Tools to Study Mammalian Mutagenesis

Award Information
Agency: Department of Health and Human Services
Branch: N/A
Contract: 1R44ES021973-01
Agency Tracking Number: R44ES021973
Amount: $199,988.00
Phase: Phase I
Program: SBIR
Awards Year: 2012
Solicitation Year: 2012
Solicitation Topic Code: NIEHS
Solicitation Number: PA09-187
Small Business Information
DUNS: 85992055
HUBZone Owned: N
Woman Owned: Y
Socially and Economically Disadvantaged: N
Principal Investigator
 (585) 442-0930
Business Contact
Phone: (585) 442-0930
Research Institution
DESCRIPTION (provided by applicant): Despite the extensive work being performed to understand cancer and carcinogenic properties of chemicals and other agents, there are still gaps in our ability to efficiently identify carcinogens, and elucidate their mode(s) of action. The current state of assays designed to examine mutation and carcinogenic mechanisms are especially limited by their high costs and low throughput capacities. This laboratory has developed a gene mutation assay that is based on the endogenous Pig-a gene. The Pig-a gene product is essential for the biosynthesis of glycosyl phosphatidylinositol (GPI) anchors. Mutations giving rise to nonfunctional GPI anchors prevent certain proteins from being expressed on the cell surface, and this represents a phenotype that can be measured by flow cytometry. The work proposed herein will extend our development efforts by creating a suite of assays that represent a platform for studying a key mode of carcinogenic action, mutation. By devising Pig-a based methods that examine cells in culture, laboratory rodents, and human subjects, a truly comprehensive bridging biomarker will be realized. The bridging capabilities and high throughput nature of the proposed mutation assessment tools will contribute significantly to important areas of research that include academic, regulatory, and industrial settings. PUBLIC HEALTH RELEVANCE: The ability to efficiently and comprehensively study mutation, a key pathway of carcinogenesis, is critical for gaining insight into this complex disease, and for elucidating carcinogens' mode of action. We will develop a suite of complementary assays based on an endogenous reporter gene, Pig-a. An important feature of these assays will be their compatibility with high throughput, automated scoring methods, and their ability to bridge between cells in culture, whole animals models, and humans.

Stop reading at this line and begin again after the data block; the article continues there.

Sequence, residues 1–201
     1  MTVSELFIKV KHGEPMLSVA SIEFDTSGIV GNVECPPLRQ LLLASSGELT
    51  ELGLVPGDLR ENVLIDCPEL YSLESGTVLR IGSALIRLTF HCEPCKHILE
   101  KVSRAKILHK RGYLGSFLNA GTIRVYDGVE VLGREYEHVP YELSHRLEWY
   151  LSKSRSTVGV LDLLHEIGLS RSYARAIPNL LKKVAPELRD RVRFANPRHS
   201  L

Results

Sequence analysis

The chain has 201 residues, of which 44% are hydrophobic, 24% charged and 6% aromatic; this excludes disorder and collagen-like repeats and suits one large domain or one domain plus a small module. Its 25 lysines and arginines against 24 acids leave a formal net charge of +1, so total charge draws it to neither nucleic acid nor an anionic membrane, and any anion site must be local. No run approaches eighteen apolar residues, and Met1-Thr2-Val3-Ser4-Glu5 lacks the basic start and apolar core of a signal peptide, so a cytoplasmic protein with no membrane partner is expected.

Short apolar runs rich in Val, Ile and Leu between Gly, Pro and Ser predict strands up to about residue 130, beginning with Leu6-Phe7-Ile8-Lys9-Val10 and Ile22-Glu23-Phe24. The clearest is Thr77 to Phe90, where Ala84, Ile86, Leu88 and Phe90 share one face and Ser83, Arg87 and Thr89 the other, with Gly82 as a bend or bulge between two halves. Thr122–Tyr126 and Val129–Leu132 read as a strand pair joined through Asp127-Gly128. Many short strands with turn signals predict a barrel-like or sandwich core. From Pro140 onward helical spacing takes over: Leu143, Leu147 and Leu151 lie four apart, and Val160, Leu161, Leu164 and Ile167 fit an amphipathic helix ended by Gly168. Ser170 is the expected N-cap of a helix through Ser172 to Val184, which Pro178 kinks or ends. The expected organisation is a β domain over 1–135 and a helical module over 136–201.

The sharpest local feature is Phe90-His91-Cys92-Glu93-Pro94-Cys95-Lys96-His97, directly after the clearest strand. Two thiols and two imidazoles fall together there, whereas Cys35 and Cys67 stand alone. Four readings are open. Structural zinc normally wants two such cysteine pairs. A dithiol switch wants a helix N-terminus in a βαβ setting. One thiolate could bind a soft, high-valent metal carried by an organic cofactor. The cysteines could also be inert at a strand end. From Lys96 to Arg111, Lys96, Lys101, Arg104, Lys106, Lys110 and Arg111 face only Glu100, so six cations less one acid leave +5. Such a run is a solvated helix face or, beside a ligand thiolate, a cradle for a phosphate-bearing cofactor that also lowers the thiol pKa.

* Information listed above is at the time of submission. *

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